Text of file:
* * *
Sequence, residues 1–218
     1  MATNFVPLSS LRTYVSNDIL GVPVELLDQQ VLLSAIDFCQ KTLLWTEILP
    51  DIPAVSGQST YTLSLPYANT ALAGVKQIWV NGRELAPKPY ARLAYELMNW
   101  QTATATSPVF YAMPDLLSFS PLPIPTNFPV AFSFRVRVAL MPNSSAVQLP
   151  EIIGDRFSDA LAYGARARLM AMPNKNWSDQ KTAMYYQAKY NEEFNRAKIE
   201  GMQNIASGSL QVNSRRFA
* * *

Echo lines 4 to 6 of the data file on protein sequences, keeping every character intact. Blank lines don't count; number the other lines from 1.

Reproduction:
   101  QTATATSPVF YAMPDLLSFS PLPIPTNFPV AFSFRVRVAL MPNSSAVQLP
   151  EIIGDRFSDA LAYGARARLM AMPNKNWSDQ KTAMYYQAKY NEEFNRAKIE
   201  GMQNIASGSL QVNSRRFA